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Topic: Why are fuses called fuses? (Read 1 time) previous topic - next topic


I have found many links that describe how to set fuses, but none (so far) that explains what fuses actually are. Can they be seen as some sort of basic configuration switches ("on chip dip switches" ;-) )? And why are they called "fuses". I only knew one meaning of the word "fuse" so far: protection against excessive current. I found that confusing.


Originally, programmable chips that were writeable in the field had actual metal links on the IC, that you "blew" (melted, exactly like an electrical fuse!) to write the value.  (thus, you could only write them once.)  This is also where the term "burn" comes from.  The terms have survived for small amounts of programmable bits (smaller than a "memory") , even though the technology has mostly moved on (I'm pretty sure AVR fuse bits are flash or EEPROM.)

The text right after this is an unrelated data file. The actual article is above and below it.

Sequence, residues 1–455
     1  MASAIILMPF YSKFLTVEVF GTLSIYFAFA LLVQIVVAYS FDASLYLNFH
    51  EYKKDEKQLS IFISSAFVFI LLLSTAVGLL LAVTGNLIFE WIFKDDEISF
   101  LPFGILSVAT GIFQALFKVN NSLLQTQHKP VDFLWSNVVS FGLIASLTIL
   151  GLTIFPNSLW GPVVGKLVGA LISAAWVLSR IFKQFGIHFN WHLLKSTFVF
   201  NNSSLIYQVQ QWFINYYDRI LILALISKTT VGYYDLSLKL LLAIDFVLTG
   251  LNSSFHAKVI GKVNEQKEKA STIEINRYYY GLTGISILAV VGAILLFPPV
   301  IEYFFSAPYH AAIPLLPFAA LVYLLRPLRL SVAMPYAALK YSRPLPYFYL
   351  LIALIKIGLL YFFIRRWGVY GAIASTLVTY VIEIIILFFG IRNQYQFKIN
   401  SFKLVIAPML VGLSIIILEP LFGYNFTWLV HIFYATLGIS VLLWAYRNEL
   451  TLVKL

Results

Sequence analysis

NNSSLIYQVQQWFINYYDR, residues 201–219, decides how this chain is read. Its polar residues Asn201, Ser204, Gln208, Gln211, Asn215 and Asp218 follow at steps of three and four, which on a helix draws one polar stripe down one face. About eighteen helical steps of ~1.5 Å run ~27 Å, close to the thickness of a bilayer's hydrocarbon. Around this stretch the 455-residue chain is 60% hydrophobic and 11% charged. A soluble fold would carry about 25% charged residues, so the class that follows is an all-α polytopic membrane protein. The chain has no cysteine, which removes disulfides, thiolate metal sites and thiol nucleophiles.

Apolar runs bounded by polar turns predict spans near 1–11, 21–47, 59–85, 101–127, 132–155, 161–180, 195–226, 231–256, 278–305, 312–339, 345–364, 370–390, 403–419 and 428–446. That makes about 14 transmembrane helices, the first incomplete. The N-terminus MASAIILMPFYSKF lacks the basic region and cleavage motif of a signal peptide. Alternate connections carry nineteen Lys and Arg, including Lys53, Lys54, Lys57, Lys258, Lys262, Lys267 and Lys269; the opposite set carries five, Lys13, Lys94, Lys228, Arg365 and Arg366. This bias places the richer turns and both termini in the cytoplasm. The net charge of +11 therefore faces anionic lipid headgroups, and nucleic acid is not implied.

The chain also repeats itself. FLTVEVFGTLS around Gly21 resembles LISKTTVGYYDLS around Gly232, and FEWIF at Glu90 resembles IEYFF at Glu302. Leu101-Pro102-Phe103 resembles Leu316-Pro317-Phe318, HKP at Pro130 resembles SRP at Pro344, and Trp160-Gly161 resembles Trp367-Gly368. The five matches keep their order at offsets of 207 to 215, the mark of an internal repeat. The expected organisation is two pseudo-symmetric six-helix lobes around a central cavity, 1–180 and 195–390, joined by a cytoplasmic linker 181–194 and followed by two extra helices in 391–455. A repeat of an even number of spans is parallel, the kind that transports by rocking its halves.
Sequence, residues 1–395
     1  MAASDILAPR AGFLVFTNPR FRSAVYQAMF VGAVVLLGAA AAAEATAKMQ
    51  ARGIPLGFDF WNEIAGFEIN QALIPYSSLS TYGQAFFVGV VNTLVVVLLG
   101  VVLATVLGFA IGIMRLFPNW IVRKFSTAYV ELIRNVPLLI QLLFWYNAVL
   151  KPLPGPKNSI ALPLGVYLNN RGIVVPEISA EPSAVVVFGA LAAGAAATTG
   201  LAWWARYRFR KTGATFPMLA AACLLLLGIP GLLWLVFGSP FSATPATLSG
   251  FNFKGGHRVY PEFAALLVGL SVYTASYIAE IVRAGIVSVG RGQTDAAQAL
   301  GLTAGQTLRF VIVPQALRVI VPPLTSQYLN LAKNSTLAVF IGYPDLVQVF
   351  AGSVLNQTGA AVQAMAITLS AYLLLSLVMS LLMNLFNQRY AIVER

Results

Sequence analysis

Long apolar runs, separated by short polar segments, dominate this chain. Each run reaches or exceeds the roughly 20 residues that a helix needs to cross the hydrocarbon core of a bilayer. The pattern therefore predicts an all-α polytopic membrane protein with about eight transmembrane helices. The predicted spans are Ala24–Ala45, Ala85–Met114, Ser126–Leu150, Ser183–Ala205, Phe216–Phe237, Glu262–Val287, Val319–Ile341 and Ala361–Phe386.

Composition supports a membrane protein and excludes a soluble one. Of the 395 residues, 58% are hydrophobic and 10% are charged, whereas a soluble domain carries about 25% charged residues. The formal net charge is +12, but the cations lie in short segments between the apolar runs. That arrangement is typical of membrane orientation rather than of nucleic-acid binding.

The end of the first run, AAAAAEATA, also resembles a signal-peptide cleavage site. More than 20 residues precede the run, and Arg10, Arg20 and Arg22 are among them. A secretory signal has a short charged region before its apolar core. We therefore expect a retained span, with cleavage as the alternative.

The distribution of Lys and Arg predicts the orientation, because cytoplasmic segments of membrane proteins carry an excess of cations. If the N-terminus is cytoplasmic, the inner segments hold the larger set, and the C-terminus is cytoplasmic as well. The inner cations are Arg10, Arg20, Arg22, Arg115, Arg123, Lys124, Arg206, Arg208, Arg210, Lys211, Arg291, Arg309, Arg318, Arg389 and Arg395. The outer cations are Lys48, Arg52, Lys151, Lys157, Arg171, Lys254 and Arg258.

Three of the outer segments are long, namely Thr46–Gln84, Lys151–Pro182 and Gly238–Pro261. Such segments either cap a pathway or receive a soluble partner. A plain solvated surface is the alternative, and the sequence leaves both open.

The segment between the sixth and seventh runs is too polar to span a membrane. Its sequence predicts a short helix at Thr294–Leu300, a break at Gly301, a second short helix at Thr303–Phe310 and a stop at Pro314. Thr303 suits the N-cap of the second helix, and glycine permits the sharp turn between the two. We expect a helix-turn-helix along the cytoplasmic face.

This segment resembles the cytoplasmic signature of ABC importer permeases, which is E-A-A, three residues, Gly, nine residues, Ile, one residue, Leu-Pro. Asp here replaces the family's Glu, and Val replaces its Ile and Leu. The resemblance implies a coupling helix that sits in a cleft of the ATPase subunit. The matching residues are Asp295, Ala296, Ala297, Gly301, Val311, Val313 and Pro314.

I'm pretty sure AVR fuse bits are flash or EEPROM.
"Flash" - EEPROM - there is a difference?

AFAIK, the EEPROM, the program memory and the fuses are essentially identical.


"Flash" - EEPROM - there is a difference?
Originally, I think EEPROM has a different internal memory cell structure (more transistors.)  But marketing-speak has blurred the line, and I'm not sure whether that's true any longer.  What DOES tend to be true is that things called "flash" memory usually need to be erased a "page" at a time before they can be written, while EEPROM can be changed on a single-byte level.

Coding Badly

(I'm pretty sure AVR fuse bits are flash or EEPROM.)
They are Flash.

The signature line is also Flash (meaning exactly what you think that means.  :smiley-twist:)


(Did you figure out how to write new parameters in the "read only" fuse areas (signature, clock calibration default, etc)?  I'd heard that that was possible, but ever saw details.)

Coding Badly

I read about it.  Probably on AVR Freaks.  The commands are a logical extension of the read/write Flash commands.  The theory is that each processor has to be told what it is (I dub thee an ATmega328P).

Let me know if you would like me to hunt down the details.

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